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Neuroscience Series, Part 3

by | Mar 22, 2023

   The Mysteries of Minerality

In this third part of our series inspired by a masterclass conducted by Professor Gabriel Lepousez, we talk about the perception of minerality in wine. Gabriel holds a PhD in Neuroscience from the Sorbonne University and is an expert on sensory perception and brain plasticity. He is also a wine aficionado.

We often talk about ‘minerality’; what does it mean? Minerality is a multi-sensory descriptor which encompasses olfactory, gustatory and tactile sensations. A wine may be mineral because of the presence of some smells of wet stone, gun flint, matches or graphite. A wine may also be mineral because of the presence of a saline taste, reminiscent of the taste of mineral salts. A wine can also be mineral because of its sharp, bright, taut, crispy mouthfeel and acidity, reminiscent of the shape of crystals. It is interesting to note that the Latin root of acidity is acere, which means sharp, pointed or harsh. Thus, the use of the word minerality is an invitation to better understand which sensory dimension hides behind this descriptor. But it’s also an invitation not to be seduced by the simple metaphoric idea that a mineral sensation —a flint odour or a saline taste— necessarily comes directly from the soil.

Wine is much more than just a mere soil juice, as exemplified by the study of ‘salinity’. In his masterclass, Prof Lepousez explained that the salinity may come from different origins. Our tastebuds can detect the ‘salty’ character of sodium chloride and sea salt, thanks to a given taste receptor. But our tongue is also equipped with a dedicated receptor to detect the presence of calcium/magnesium, which can also contribute to a saline character. Apart from these two mineral salts, the presence of umami compounds may also trigger a saline sensation on our palate. But these umami compounds —such as glutamate, nucleotides, succinic acid and polyphenols— are all organic molecules, released mostly during fermentation and ageing. How to identify this organic salinity driven by umami? Contrary to sea salt and calcium/magnesium, umami taste is characterised by a persistent and long-lasting salty/savoury taste, associated with a progressive salivation resulting in a mouthcoating effect, which creates a pleasant mouthfeel together with a delicate saline finish.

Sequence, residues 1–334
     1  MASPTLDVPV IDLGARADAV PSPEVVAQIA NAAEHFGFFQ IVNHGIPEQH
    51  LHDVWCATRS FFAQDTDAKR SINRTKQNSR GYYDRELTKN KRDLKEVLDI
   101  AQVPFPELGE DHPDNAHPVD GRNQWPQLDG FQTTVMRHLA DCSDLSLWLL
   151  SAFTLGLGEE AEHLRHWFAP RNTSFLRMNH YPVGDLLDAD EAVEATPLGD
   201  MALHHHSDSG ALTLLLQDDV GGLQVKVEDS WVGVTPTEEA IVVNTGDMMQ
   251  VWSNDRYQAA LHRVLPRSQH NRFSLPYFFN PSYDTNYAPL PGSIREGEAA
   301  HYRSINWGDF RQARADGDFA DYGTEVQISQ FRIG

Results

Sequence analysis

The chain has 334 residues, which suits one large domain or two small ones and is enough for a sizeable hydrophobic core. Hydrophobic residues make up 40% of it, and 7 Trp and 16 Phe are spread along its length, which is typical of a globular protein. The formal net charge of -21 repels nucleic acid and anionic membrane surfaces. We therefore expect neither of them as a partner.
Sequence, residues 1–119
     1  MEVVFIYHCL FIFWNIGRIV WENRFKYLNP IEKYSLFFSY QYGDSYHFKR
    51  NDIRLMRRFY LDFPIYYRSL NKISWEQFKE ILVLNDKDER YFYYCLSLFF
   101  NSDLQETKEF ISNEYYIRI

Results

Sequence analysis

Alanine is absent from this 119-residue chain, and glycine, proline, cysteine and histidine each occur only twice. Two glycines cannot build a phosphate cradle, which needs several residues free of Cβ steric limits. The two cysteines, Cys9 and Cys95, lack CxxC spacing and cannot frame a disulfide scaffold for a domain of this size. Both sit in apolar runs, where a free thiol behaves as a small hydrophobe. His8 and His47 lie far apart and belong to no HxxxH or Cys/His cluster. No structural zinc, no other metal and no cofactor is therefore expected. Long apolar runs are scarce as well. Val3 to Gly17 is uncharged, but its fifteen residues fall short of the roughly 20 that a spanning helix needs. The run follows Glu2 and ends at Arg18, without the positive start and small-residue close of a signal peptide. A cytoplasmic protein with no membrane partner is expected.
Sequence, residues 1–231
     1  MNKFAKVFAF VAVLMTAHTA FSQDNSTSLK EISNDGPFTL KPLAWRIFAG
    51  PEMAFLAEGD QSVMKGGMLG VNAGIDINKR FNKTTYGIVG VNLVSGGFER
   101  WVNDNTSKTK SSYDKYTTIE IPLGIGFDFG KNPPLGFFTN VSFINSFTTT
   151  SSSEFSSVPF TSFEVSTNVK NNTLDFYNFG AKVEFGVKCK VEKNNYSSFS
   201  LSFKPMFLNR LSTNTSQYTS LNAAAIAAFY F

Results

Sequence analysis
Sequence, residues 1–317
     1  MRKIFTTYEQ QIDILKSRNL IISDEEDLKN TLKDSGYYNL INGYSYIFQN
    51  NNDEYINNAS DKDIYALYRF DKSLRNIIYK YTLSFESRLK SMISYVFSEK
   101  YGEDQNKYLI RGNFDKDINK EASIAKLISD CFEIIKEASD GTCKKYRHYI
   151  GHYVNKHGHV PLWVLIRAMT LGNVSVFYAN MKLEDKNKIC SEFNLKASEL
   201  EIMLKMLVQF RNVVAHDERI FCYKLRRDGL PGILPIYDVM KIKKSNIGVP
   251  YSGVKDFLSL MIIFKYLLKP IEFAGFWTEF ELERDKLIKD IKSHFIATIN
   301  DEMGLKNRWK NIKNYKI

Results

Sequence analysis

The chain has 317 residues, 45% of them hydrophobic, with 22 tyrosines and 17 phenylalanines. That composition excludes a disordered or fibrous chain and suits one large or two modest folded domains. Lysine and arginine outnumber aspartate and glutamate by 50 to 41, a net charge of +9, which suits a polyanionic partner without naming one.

Here in the Hemel-en-Aarde you seldom hear wine descriptions such as ‘ripe’, ‘sweet’, ‘luscious’ or ‘round’, but rather ‘energetic’, ‘vibrant’, or ‘crystalline’. Our region’s tasting notes may include citrus characters in white wines (e.g. Chardonnay) and red fruit in red wines (e.g. Pinot Noir). There may also be reference to acidity, freshness, minerality, saltiness, elegance and intensity. The mineral content of wine can affect flavour for example, high or low levels of calcium create impressions of tartness or sweetness and magnesium may impart nutty or earthy flavours.  The mineral content of a wine, apart from affecting taste, also influences texture and mouthfeel. This is often an indicator of a fine wine.  While the proximity to the Atlantic Ocean contributes to our cool climate, the soil biome affects the vines’ growth patterns. These elements influence the outcomes in our wines, creating positive descriptors such as ‘minerality’.

Since not much information is available in WSET about the wines from the Hemel-en-Aarde, I think it is essential to discuss this controversial term which describes our wines so well among wine experts and scientists. The description is most often used in white wines such as Chardonnay. The role of minerals in imparting distinctive flavours, aromas and textures to wine adds to the uniqueness of the wine. Distinctive site expression, of which minerality is a part, is a descriptor of fine wines. Minerality certainly makes a wine more interesting and complex; it is part of the multi-sensory experience afforded by a glass of fine wine.

People do not all have the same sensory receptors; we do not smell and taste the same way. It is therefore important to trust your own palate and enjoy what you appreciate in a wine.

Carolyn Martin – Co-owner and Creative Director, Creation Wines

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